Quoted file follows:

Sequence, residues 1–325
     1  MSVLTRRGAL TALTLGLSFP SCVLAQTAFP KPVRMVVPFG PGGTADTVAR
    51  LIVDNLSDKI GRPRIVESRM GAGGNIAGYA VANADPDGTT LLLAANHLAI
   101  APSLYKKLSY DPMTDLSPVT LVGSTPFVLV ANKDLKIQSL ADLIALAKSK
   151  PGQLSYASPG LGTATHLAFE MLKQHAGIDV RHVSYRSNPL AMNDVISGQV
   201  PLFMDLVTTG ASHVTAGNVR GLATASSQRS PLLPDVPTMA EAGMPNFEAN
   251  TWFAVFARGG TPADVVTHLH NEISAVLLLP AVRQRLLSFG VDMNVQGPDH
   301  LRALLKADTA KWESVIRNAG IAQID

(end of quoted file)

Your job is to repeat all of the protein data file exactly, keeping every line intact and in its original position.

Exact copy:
Sequence, residues 1–325
     1  MSVLTRRGAL TALTLGLSFP SCVLAQTAFP KPVRMVVPFG PGGTADTVAR
    51  LIVDNLSDKI GRPRIVESRM GAGGNIAGYA VANADPDGTT LLLAANHLAI
   101  APSLYKKLSY DPMTDLSPVT LVGSTPFVLV ANKDLKIQSL ADLIALAKSK
   151  PGQLSYASPG LGTATHLAFE MLKQHAGIDV RHVSYRSNPL AMNDVISGQV
   201  PLFMDLVTTG ASHVTAGNVR GLATASSQRS PLLPDVPTMA EAGMPNFEAN
   251  TWFAVFARGG TPADVVTHLH NEISAVLLLP AVRQRLLSFG VDMNVQGPDH
   301  LRALLKADTA KWESVIRNAG IAQID